It’s rare for a person to overdose on Klonopin on its own because benzodiazepines have a high therapeutic index, which means the difference between the therapeutic dose and the toxic dose is large. 

However, experts consider the toxic dose of Klonopin to be above .08 mcg/mL of blood in the body.[2] The amount of blood in the adult human body ranges based on size and weight. However, the maximum doses for Klonopin for panic disorder 4mg in one day and 20mg for seizure disorder. 
Because of the wide therapeutic index, taking more than that likely won’t be fatal, but it’s never a good idea to take more Klonopin than prescribed. You should always follow your doctor’s directions carefully to avoid side effects, overdose, and other harmful consequences.

What to Do in the Event of an Overdose

If you believe you or someone around you is experiencing an overdose related to Klonopin or other benzodiazepine use, call 911 immediately. If possible, have the following information ready:

  • Your location
  • The affected individual’s current status, including any physical and mental symptoms they’re experiencing
  • The affected individual’s medical history
  • Any substances the overdosing individual has taken recently, including both prescription medication and any illicit or recreational drugs

If a person is experiencing severe respiratory depression to the point where they cannot get enough air to support their brain, begin CPR. If they have used opioids in combination with Klonopin, administer naloxone (Narcan) if any is available, as this drug can rapidly reverse an opioid overdose.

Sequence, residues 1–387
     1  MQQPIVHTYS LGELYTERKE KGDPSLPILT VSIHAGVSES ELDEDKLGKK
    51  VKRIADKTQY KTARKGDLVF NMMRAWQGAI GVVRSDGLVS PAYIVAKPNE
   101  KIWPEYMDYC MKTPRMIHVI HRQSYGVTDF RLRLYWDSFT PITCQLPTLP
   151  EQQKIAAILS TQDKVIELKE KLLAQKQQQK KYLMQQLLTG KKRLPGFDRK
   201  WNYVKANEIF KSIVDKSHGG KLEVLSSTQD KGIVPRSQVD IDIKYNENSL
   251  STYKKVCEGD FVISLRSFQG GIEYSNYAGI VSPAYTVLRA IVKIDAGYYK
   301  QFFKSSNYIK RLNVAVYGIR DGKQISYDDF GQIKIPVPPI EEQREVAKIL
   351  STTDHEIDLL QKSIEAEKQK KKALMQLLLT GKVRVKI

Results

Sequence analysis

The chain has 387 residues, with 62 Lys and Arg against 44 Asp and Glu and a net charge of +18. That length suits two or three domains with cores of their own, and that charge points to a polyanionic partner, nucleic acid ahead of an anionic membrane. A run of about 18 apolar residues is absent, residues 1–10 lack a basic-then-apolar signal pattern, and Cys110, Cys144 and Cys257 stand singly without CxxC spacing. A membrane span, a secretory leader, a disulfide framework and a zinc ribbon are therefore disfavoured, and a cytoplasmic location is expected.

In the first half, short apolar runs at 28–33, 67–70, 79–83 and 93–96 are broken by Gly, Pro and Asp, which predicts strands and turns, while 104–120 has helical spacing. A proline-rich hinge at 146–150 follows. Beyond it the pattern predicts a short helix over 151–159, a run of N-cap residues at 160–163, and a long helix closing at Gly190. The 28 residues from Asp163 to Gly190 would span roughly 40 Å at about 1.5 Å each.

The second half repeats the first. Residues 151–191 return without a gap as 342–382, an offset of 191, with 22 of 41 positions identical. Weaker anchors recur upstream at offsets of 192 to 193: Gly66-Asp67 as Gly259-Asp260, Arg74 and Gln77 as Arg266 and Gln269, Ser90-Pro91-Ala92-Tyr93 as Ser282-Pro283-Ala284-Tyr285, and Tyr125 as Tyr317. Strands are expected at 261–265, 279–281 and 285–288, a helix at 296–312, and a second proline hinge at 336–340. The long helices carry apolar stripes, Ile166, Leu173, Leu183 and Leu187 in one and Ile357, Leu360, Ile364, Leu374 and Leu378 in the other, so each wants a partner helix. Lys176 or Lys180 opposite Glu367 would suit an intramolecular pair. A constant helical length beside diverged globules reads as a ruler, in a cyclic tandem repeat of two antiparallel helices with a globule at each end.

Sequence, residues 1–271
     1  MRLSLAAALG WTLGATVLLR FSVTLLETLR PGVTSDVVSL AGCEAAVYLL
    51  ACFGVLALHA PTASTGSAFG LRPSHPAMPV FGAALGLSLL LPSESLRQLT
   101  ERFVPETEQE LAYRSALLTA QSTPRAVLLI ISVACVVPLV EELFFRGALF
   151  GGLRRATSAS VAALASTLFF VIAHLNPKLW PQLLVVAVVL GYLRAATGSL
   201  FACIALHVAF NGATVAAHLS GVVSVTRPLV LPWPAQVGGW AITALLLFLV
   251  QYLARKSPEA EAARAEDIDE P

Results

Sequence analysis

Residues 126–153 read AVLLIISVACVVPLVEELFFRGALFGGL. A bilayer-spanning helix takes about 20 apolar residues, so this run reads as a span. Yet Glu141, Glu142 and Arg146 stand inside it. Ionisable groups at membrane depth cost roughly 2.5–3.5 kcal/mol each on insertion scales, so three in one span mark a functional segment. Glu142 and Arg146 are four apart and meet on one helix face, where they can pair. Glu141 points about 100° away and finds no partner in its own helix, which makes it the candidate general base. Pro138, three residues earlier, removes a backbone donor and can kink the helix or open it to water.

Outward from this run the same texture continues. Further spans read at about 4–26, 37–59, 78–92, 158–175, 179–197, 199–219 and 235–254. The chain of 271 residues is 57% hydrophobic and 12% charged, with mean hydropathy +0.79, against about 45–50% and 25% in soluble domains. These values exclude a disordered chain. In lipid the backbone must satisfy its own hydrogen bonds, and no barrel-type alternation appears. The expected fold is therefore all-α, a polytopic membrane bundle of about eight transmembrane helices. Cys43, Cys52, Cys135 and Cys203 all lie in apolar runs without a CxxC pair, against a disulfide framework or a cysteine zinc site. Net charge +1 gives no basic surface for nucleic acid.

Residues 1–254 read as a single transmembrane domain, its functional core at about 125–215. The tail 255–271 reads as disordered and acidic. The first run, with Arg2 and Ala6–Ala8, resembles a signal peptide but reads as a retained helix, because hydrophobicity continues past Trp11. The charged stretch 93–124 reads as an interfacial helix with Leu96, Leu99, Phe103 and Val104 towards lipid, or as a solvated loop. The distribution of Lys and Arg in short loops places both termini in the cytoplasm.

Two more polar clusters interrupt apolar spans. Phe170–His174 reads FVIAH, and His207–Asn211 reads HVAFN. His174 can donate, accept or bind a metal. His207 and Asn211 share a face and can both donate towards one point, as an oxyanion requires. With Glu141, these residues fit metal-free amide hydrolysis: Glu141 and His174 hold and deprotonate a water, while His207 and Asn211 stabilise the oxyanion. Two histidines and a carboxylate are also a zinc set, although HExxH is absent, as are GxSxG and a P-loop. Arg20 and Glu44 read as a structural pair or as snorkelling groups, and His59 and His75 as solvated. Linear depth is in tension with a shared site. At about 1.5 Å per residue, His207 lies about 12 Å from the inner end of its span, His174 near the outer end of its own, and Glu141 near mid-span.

How Are Klonopin Overdoses Treated?

In the hospital, Klonopin overdoses are treated mainly with medical observation and supportive care, such as:[1],[2]

  • Endotracheal intubation to keep the airway open
  • Artificial respiration
  • IV fluids
  • Monitoring vital signs
  • Atropine for slowed breathing

The medical team may administer flumazenil, which is an antagonist at the benzodiazepine receptor site, to reverse the effects of Klonopin overdose. However, this should be used with caution because flumazenil lowers the seizure threshold and increase the risk of cardiac dysrhythmias. Often, the risks outweigh the benefits of this medication, so it isn’t typically used. It can also cause dangerous withdrawal symptoms in people who are dependent on or addicted to Klonopin. [1],[2]

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Medically Reviewed By Dr. Alison Tarlow

Dr. Alison Tarlow is a Licensed Clinical Psychologist in the States of Florida and Pennsylvania, and a Certified Addictions Professional (CAP). She has been a practicing psychologist for over 15 years. Sh... Read More

Updated April 1, 2024
Resources
  1. Benzodiazepine Toxicity. (June 2022). StatPearls.
  2. Clonazepam. [Updated 2023 May 13]. In: StatPearls [Internet]. Treasure Island (FL): StatPearls Publishing.
  3. Benzodiazepine Use and Misuse Among Adults in the United States. (February 2019). Psychiatric Services.
  4. Clonazepam (Klonopin). (September 2021). National Alliance on Mental Illness.
  5. Sleeping Pills and Minor Tranquillisers. (April 2021). Mind.
  6. Flumazenil in Benzodiazepine Overdose. (December 2016). Canadian Medical Association Journal.